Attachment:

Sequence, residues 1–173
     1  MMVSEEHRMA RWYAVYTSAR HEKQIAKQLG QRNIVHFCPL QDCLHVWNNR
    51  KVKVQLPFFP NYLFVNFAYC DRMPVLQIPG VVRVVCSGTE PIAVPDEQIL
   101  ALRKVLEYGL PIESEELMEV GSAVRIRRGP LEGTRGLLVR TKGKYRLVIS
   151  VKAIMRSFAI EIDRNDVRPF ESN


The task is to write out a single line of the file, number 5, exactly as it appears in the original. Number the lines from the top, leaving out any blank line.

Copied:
   151  VKAIMRSFAI EIDRNDVRPF ESN